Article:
I always say there are only a few polls to watch between elections. One is the “right track/wrong track” polls that measure whether people think the country is on one or the other tracks . Real Clear Politics presently has that at 60% wrong track and 33.7% wrong track.
Can anyone ever again consider NBC a news organization?
John Derbyshire hits bottom with this piece of garbage.
The Hill publishes a piece that just takes your breath away. It is so poorly written and argued you have to wonder if they have been hacked by a 12 year old and just don’t know it yet.
Anti-Semite MJ Rosenberg, of Media Matters For America, resigns and hits the trail – sort of.
When you chum for sharks, what would you expect to show up?
Best first pitch ever.
Egypt (Arab Spring you know) continues to pursue pro-democracy American NGO workers. The country has requested Interpol arrest them. This while Egypt’s Muslim Brotherhood is welcomed in the White House.
Economic “recovery” is slow and weak due to Obama Administration policies.
The annual silliness surrounding membership at Augusta National is upon us. In a free country you get to run your business the way you want too … and suffer the economic consequences of your decisions. Forcing Augusta to allow women won’t empower them a bit. Women starting their own “women’s only” golf club will. And it certainly isn’t the business of politicians.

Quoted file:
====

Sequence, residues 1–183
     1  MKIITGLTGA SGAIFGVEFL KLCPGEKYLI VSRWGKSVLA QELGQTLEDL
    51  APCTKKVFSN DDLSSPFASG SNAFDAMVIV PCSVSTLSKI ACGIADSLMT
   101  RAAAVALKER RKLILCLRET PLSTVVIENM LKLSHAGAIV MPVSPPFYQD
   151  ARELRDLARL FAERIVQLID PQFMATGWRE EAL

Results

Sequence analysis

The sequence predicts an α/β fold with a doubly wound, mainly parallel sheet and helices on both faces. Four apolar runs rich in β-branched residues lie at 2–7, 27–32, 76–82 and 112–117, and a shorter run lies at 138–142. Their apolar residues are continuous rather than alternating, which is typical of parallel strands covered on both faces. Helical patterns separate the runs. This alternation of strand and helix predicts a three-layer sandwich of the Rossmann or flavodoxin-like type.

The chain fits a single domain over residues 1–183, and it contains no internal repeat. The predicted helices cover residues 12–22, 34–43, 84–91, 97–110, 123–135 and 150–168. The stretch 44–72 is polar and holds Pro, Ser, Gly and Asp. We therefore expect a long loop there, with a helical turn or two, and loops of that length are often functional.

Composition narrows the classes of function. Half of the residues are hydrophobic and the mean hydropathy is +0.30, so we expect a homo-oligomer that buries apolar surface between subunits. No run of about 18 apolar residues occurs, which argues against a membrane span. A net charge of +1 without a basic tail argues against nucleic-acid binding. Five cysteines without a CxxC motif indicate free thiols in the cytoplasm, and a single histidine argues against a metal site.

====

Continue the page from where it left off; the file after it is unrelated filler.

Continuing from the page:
Global warming alarmists have almost become pathetic in their desperation. James Hansen puts the cherry on top of that desperation.
Obama declares “women are not an interest group” although he and the Democrats clearly believe they are and have spun up this phony “war on women” with that in mind.
Finally – the real unemployment rate, as we’ve pointed out for quite some time, isn’t what is officially touted (8.2%). Instead it is more like 10.9%.
Enjoy your weekend.
Sometimes there are a lot of stories out there on a day but few that really spark a need for a lengthy discussion. Today, at least to this point, is one of those. Yes, all attention is focused on SCOTUS and the ObamaCare law, but that will be later in the day.
But there are some things I’d like to just hit with a short comment or two.